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I have this for-each-loop:

for (Component c : container.getComponents()) {
    // Loop code
}

Is getComponents called on every iteration? Does it make sense to call getComponents before the look and only work on a cached array?

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5 Answers 5

up vote 17 down vote accepted

No, getComponents() will only be called once.

It's the equivalent of:

for (Iterator<Component> iterator = container.getComponents().getIterator();
     iterator.hasNext(); )
{
    Component c = iterator.next();
    ...
}

From section 14.14.2 of the Java Language Specification:

The enhanced for statement has the form:

EnhancedForStatement:

for ( VariableModifiersopt Type Identifier: Expression) Statement

The Expression must either have type Iterable or else it must be of an array type (§10.1), > or a compile-time error occurs. The scope of a local variable declared in the FormalParameter part of an enhanced for statement (§14.14) is the contained Statement

The meaning of the enhanced for statement is given by translation into a basic for statement.

If the type of Expression is a subtype of Iterable, then let I be the type of the expression Expression.iterator(). The enhanced for statement is equivalent to a basic for statement of the form:

for (I #i = Expression.iterator(); #i.hasNext(); ) {
   VariableModifiersopt Type Identifier = #i.next();
   Statement
}
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1  
Jon, how does the compiler guarantee that getComponents() has no side effects and does not produce something different in each iteration? (e.g., if another thread changes the component?). –  Uri Oct 9 '09 at 13:28
1  
It doesn't... but the translation above is basically what it's defined to do. I'll try to find the JLS reference. –  Jon Skeet Oct 9 '09 at 13:29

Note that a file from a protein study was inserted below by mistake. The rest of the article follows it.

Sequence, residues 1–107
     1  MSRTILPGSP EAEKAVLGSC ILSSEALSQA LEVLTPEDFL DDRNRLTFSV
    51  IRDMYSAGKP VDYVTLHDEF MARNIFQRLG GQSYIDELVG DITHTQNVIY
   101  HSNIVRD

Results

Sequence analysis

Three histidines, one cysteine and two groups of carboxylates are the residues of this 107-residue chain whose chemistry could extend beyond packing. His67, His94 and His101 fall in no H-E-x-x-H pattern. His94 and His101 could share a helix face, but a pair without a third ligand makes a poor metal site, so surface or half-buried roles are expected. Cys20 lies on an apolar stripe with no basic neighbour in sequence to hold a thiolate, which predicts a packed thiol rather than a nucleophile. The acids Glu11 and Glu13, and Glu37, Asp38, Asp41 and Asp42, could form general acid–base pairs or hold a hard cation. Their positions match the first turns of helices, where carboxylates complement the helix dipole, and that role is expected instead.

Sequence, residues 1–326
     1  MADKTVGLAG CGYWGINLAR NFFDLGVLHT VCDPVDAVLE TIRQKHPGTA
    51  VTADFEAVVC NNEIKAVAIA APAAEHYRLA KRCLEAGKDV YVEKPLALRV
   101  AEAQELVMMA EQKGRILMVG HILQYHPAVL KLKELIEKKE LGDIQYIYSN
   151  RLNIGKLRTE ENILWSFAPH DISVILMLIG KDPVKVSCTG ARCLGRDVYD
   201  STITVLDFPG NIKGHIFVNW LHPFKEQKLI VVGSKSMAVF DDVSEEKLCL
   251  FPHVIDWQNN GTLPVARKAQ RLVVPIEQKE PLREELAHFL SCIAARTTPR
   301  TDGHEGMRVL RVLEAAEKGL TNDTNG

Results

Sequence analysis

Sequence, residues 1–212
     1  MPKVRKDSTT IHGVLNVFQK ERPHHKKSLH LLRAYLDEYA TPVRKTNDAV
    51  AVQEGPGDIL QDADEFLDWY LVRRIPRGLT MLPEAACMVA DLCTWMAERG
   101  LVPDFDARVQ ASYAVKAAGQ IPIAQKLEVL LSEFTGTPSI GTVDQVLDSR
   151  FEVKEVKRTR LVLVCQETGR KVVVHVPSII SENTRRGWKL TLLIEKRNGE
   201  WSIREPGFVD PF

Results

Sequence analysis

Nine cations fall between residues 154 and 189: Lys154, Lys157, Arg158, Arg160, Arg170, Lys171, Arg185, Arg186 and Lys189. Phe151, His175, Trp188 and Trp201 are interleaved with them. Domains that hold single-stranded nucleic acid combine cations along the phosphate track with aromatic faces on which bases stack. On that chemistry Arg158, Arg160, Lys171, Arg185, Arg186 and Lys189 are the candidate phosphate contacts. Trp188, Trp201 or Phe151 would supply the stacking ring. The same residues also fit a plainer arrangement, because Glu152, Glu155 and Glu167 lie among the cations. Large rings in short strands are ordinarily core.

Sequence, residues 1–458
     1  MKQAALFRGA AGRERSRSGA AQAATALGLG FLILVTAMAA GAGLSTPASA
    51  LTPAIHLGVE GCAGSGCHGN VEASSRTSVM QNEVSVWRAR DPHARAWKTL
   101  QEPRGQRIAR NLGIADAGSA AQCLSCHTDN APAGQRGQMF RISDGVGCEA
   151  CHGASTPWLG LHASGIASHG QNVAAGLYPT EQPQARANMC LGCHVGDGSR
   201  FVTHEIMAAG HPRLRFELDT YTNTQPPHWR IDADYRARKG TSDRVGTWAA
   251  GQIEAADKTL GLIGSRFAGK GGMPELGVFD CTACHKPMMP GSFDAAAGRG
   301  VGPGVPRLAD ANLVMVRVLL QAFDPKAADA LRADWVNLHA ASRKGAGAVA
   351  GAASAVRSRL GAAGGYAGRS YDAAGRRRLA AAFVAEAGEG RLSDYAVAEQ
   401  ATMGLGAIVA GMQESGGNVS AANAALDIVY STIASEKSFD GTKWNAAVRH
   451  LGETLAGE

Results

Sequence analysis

My bad. I misread the source code. I thought the OP was asking whether the control condition in a for loop gets reevaluated. I didn't notice this was a for-each. –  Uri Oct 9 '09 at 13:29

getComponents will be called once, and will return an Iterator. This iterator will then be called using next() and hasNext() methods.

Update Here's a bit more detail in attempt to out Skeet Jon Skeet on this answer.

The following program shows how the call to iterator is made once, even though there are three items in the collection.

public static void main(String[] args) {
	List<String> list = new ArrayList<String>() {
		public java.util.Iterator<String> iterator() {
			System.out.println("iterator() called");
			return super.iterator();
		};
	};
	list.add("a");
	list.add("b");
	list.add("c");

	for (String s : list) {
		System.out.println(s);
	}
}

Output:

iterator() called
a
b
c

If you run this through a Java decompiler, you'll find the following code:

    String s;
    for(Iterator iterator = list.iterator(); iterator.hasNext(); System.out.println(s))
        s = (String)iterator.next();

Addtionally, since we know from the JLS 14.14.1 that the first section of a for statement is only executed once, we can rest assured that iterator method won't be called multiple times.

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Java LanguageSpecification 14.14.2 says:

EnhancedForStatement:
for ( VariableModifiersopt Type Identifier: Expression) Statement

If the type of Expression is a subtype of Iterable, then let I be the type of the expression Expression.iterator(). The enhanced for statement is equivalent to a basic for statement of the form:

for (I #i = Expression.iterator(); #i.hasNext(); ) {

        VariableModifiersopt Type Identifier = #i.next();
   Statement
}

Where #i is a compiler-generated identifier that is distinct from any other identifiers (compiler-generated or otherwise) that are in scope (§6.3) at the point where the enhanced for statement occurs.

So the expression is evaluated only once (during initialization).

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Is getComponents called on every iteration?

No. Java's foreach loop is based on the Iterable interface, and is equivalent to this code

Iterator<Component> i = container.getComponents().iterator
while(i.hasNext()) {
    Component c = i.next();
    // loop body goes here
}

The only difference is that the Iterator is hidden.

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I would have thought that when compiled, it would be translated to be a "long hand" for loop, as in using for(int i = 0 ....

Isn't the foreach loop just a programming time saver with the actual bytecode translation the same as doing it "long hand"??

In short, getComponent() should only be called once

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1  
No, that's not how the foreach loop works (though it's true that getComponent() will be called only once). –  Michael Borgwardt Oct 9 '09 at 13:27
    
This didn't deserve the -1 (the actual answer you gave is correct, although the assumption prior to it is wrong), so here's a +1. –  Kyle Rozendo Oct 9 '09 at 13:31

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